“Of course with this particular case, it was an interaction during lockdown that led to the cluster expanding and so obviously there are limitations on lockdown,” Hendy said.
“It [a suburban lockdown] might be a more useful tool in terms of risk management if you feel like you’ve got a well contained cluster but there are few extra contacts that need tracing. In that situation, you’ve been in lockdown, so you’re confident there haven’t been interactions in the community, in Penrose with people from Glenfield, because you have had that lockdown period, then it could be a useful risk management tool.”
However, O’Neale struggled to envision a scenario where officials had enough confidence to believe the majority of cases were within a small location, but weren’t confident enough to rely on contact tracing to manage such an outbreak.
“You’d need to have some strong reason as to why you thought any potential spread had only happened in that geographic area and it’s hard to have the sort of information that would make you very confident of that but not actually make you confident enough that you could do all of the tracing of exposure events perfectly to just isolate the people who were exposed as opposed to the geographic area around them,” he said.
“You still do what you need to do in the absence of better information, which is close down the smallest area which it makes sense to given the information you have available, which happens to be the whole of Auckland.”
Another difficulty in a postcode-style lockdown was the breaking of more links, O’Neale said.
“Trying to lock down just one postcode, ironically you end up with a worse situation because you are trying to break more links,” he said.
“So people don’t stay within their own postcode, you’re locking down a smaller number of people but of those people almost all of them are travelling as opposed to, at the more absurd level, you lock down the whole of the North Island, you lock down an awful lot of people but you don’t have that many movements from the North Island to the South Island relative to the population of the North Island.
“If you just look at a particular postcode, almost all of that postcode are looking for an exemption because they need to travel to work or get to the supermarket or something like that.”
Hendy said it would be another difficult year as he warned against Covid-19 fatigue.
“We’ve got another difficult year ahead of us so we definitely want to stay on top of our response and we do need to take the country with us, that was one of the things that made us so successful in dealing with the virus last year. I think people are perhaps getting a bit tired of jumping in and out of lockdowns and they can see that the vaccines are on the horizon,” he said.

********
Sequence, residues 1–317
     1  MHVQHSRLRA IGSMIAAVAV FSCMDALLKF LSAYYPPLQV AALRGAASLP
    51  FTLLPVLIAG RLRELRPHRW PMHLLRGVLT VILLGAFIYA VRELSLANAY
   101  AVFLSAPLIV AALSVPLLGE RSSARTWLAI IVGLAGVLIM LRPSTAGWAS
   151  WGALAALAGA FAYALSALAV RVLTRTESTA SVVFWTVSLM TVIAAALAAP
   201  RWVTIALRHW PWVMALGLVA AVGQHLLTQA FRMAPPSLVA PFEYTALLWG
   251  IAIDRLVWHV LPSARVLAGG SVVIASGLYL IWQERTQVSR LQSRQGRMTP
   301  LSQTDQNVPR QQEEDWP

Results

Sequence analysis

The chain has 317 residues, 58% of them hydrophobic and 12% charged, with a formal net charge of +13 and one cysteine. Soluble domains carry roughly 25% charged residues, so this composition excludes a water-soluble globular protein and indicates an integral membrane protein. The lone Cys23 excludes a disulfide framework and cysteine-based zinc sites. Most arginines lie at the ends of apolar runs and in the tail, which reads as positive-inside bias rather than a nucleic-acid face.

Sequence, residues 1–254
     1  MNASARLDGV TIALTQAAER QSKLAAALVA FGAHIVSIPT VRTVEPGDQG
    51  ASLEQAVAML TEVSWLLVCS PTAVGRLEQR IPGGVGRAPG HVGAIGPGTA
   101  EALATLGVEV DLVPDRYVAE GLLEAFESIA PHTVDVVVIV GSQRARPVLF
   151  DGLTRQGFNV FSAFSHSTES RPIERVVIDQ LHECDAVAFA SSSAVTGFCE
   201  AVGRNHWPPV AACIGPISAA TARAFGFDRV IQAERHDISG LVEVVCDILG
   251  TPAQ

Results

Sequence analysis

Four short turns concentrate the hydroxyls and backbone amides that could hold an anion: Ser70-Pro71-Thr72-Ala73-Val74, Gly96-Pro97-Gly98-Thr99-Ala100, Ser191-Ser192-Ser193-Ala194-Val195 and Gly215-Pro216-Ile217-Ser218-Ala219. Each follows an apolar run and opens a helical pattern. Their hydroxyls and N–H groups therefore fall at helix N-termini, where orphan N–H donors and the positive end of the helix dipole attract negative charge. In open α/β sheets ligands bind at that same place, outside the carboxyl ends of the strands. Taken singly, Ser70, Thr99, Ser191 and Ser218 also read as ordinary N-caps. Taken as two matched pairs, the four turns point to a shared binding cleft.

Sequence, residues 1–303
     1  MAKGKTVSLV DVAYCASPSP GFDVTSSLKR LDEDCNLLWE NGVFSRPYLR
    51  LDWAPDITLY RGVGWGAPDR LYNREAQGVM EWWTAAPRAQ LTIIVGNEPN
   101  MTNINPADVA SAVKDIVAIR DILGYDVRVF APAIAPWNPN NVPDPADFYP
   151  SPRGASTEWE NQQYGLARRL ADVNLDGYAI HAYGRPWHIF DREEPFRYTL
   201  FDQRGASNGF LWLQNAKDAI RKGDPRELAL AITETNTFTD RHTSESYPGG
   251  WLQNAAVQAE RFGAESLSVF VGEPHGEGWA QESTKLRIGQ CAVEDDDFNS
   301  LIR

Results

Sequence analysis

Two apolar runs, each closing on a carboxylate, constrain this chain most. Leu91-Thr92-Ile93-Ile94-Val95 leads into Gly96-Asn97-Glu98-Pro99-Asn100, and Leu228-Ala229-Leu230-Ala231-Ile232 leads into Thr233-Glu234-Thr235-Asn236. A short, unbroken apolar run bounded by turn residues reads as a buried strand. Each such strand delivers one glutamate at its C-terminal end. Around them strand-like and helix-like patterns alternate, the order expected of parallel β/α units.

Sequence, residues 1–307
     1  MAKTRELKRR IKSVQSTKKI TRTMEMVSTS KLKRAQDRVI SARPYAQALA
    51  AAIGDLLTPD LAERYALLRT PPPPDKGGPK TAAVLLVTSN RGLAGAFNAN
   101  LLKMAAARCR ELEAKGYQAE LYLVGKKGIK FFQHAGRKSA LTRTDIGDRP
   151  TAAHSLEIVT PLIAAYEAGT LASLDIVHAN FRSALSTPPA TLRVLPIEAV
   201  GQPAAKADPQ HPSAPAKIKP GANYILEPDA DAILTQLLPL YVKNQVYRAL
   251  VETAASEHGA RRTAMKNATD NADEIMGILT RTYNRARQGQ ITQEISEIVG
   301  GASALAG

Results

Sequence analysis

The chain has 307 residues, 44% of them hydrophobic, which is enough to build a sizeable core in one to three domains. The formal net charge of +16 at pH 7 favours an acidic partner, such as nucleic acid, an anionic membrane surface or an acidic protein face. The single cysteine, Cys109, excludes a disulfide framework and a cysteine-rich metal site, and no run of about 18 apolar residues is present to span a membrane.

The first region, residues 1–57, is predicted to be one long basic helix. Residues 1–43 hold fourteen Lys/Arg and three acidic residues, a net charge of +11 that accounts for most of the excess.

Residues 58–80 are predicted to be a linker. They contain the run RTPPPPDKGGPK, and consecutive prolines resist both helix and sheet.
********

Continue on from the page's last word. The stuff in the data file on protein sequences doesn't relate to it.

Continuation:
“We’re going to need to continue to respond strongly to this in the next year, it’s only once we have very good coverage of the vaccine that the risks will start to diminish where we can perhaps relax a little bit and that is some time away.”
The economy overall would still be hit even with the implementation of postcode-style lockdowns, economist Brad Olsen says.
It was estimated that it cost the economy between $32 to $39 million for each day that Auckland is at Level 3, Olsen said.
“We also saw and continue to expect that spending activity in Auckland will be down 40 per cent each day and wider across the economy, spending could be down within 10 to 15 per cent.”
The economic cost of Level 2 was harder to quantify, but the looser restrictions were much more industry specific compared with Level 3, with hospitality particularly bearing the brunt of the damage of reduced customer capacity, Olsen said.
Hypothetically, if a quarter of Auckland were to be locked down in a future outbreak, that wouldn’t necessarily equate to the hit to the economy being reduced by 25 per cent.
“Probably not so simply, in the sense that any harder restrictions like at Level 3 on any part of the economy does have wider flow-on effects,” he said.
“You wouldn’t have those workers in that quadrant who might be able to go out to work for example, you wouldn’t have people be able to go into that quadrant of Auckland to do business and so the effects could well be more than just say a quarter, for example.
“I certainly take the point that you would likely diminish the economic shot for a period.”
A revised alert level system that’s fit for purpose
Epidemiologist Michael Baker says our alert level system is no longer “fit for purpose” a year into the pandemic, with a new system to have a particular focus on high-risk indoor events.